With a background as part of the folksy outfit Veviter, keyboard player / singer Sarah Versrpille and guitar player Daniel Hindman decided no less than a year ago to regroup as Pure Bathing Culture. During the year the duo has caused a stir with the release of two wonderfully elusive singles (both of them featured on this site) , leading up to Moon Tides, their long play debut. The result is a cohesive set of songs, working stylistically as a bridge between Fleetwood Mac’s “Dreams” (which they skillfully covered) and Cocteau Twins “Iceblink Luck”, albeit considerably more lo-fi. Either way, rarely is “dream-folk” a more fitting way to describe a band’s aesthetic.
There isn’t a whole lot new under the sun; there are plenty (by the hundreds) of other bands that could be referenced to either Fleetwood or the Twins, but it’s not enough to know your way around chorused guitars or how to layer vocals with reverb to the right amount of effect; in the end all that matters is the songwriting. But as the two foregoing teasers “Pendulum” and “Dream The Dare” revealed, the duo is not without a sheer dose of talent, and on both these occasions, the duo managed to hit right on the spot. Stylistically, most of the songs on Moon Tides follow a similar pattern; a delicate skeletal drum machines, crystalline guitars, hazy keyboard lines; all held together by the fragile folksy voice of Versprille. Unfortunately, albeit equally beautiful on the surface, most of Moon Tides fails to engage in the same obvious manner as the two singles. There are a couple of exceptions, mostly towards the end where the duo manage to pick up the pace; “Golden Girl” is a piece of Beach House-esque heaven, and album closer “Temples of the Moon” is an elusive daydream that doesn’t shy away from an uncanny resemblance to Don Henley’s “The Boys Of Summer”.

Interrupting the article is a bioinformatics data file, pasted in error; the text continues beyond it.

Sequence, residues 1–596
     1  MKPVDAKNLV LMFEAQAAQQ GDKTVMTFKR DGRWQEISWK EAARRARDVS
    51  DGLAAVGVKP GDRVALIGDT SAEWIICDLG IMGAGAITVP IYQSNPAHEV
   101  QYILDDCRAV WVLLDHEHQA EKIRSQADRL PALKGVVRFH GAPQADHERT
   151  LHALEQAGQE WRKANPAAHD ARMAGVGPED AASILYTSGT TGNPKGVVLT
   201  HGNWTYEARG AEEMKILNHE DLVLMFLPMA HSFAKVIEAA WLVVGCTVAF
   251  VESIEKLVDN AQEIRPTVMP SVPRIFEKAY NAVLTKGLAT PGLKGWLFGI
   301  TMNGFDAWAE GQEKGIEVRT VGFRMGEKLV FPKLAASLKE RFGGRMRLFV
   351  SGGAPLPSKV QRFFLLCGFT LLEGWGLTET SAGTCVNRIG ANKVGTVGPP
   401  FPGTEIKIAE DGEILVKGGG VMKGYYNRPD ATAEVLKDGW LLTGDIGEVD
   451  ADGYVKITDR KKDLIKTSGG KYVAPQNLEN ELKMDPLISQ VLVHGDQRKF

The strong opening and stellar closing leaves a rousing momentary effect with a sweet taste of honey on the tip of the tongue. But as much as I like it to be otherwise, the album is similar to a vividly painted canvas that gradually unfolds its beauty as you move further and further away from the object. Unfortunately, after you’ve moved on to the next painting, it fails to leave a lasting impression. As beautifully decorated as Moon Tides may be, there aren’t enough changes in tone, and the lack of dynamics fails to create a spine-tingling effect. Yet, just as Washed Out’s Paracosm, Moon Tides does its part to resonate the wistful mood of summer turning into fall, and there are enough moments to leave you with a fleeting promise of what the duo might one day become.